Inhibiting Interactions

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Science  07 Aug 2009:
Vol. 325, Issue 5941, pp. 657
DOI: 10.1126/science.325_657b

Although the genetic bases of many cancers have been identified, there remains the challenge of translating this knowledge into promising drug candidates. The discovery of the chromosomal translocation that fuses the BCR and Abl genes and leads to the development of chronic myeloid leukemia was followed by spectacular clinical data attesting the efficacy of the inhibitor imatinib mesylate in the late 1990s. Ewing's sarcoma family tumors are also caused by a chromosomal translocation, most commonly one that fuses the EWS and FLI1 genes. The resulting EWS-FLI1 transcription factor both lacks enzymatic activity and is inherently disordered, making it difficult to screen chemical libraries for inhibitors. EWS-FLI1 does, however, bind to RNA helicase A, which acts as a transcriptional coactivator, and this interaction is important for tumorigenesis. Erkizan et al. designed a peptide to inhibit binding and used it to identify a small molecule (YK-4-279) that specifically blocked EWS-FLI1 binding to RNA helicase A and also decreased tumor growth in mouse xenograft assays. This strategy may be valuable for developing lead molecules in other cancers caused by similar types of fusion proteins.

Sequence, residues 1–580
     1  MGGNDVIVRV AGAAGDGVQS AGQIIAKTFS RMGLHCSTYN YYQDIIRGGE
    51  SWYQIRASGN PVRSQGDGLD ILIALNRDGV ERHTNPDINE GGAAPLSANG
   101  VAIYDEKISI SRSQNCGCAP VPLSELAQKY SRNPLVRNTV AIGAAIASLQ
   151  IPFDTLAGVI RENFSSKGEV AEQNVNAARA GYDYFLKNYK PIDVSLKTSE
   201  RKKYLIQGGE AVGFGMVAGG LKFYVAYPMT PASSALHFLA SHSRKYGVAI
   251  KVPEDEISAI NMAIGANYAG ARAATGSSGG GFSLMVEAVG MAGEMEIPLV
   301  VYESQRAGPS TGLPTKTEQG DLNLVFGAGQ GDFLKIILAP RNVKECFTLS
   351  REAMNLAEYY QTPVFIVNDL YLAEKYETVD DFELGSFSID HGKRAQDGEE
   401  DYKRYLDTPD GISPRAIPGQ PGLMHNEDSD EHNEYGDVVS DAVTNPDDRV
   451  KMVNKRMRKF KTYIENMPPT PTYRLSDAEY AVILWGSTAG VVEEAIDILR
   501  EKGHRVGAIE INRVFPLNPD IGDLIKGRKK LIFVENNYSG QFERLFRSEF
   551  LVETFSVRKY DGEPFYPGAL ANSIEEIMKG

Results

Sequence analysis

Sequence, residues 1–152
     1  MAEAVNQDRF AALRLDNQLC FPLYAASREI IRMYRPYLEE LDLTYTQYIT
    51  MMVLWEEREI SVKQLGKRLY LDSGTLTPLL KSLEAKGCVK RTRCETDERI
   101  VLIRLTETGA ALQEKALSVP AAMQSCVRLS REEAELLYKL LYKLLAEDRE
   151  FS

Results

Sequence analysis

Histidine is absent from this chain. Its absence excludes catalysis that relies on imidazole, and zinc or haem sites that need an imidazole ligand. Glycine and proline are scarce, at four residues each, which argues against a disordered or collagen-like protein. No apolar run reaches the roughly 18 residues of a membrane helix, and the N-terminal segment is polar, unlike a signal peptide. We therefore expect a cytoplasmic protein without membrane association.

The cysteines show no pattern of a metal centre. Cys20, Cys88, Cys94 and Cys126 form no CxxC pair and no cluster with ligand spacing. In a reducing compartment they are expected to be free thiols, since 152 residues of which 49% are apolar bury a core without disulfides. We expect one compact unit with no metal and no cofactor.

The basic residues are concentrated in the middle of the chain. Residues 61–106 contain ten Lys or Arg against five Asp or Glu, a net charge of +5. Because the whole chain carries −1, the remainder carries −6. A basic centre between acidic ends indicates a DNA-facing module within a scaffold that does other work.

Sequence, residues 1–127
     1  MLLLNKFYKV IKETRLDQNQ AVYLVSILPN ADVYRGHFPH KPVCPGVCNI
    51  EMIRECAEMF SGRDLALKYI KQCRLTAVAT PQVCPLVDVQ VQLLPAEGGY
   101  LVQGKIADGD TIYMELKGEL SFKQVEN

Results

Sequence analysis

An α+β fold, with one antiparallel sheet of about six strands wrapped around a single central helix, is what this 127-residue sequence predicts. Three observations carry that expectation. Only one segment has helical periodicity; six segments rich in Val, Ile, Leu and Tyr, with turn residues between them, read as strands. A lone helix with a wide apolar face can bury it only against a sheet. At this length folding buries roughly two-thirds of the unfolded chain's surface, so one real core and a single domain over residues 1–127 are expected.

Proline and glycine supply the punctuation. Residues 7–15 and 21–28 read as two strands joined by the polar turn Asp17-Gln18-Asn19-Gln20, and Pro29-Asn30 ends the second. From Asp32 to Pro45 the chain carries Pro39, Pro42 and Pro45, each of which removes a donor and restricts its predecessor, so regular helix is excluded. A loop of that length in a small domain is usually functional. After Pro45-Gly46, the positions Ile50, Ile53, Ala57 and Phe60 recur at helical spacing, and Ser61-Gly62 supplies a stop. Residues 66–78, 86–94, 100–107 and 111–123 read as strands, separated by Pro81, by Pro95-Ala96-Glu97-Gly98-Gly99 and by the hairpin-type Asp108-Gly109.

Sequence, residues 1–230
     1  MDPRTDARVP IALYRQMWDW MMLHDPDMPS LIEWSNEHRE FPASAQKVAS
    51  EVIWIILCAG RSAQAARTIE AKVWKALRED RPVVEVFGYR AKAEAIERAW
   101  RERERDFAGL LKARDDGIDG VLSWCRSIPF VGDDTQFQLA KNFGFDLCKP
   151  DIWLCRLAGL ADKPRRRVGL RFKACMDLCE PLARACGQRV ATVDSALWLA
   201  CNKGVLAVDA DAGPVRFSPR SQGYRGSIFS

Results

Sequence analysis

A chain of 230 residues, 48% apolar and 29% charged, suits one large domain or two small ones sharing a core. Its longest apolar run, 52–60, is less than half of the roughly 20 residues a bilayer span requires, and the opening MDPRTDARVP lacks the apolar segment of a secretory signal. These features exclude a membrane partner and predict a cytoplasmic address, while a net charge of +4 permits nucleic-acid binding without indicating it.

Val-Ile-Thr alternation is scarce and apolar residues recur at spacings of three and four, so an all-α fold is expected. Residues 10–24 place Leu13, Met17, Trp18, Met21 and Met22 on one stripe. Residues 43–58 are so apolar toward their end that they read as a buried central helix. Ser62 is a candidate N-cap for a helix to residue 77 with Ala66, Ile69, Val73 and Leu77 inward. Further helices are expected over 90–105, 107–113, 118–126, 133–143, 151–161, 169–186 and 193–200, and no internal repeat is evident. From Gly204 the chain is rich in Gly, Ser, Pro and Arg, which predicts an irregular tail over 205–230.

Nature Med. 15, 750 (2009).

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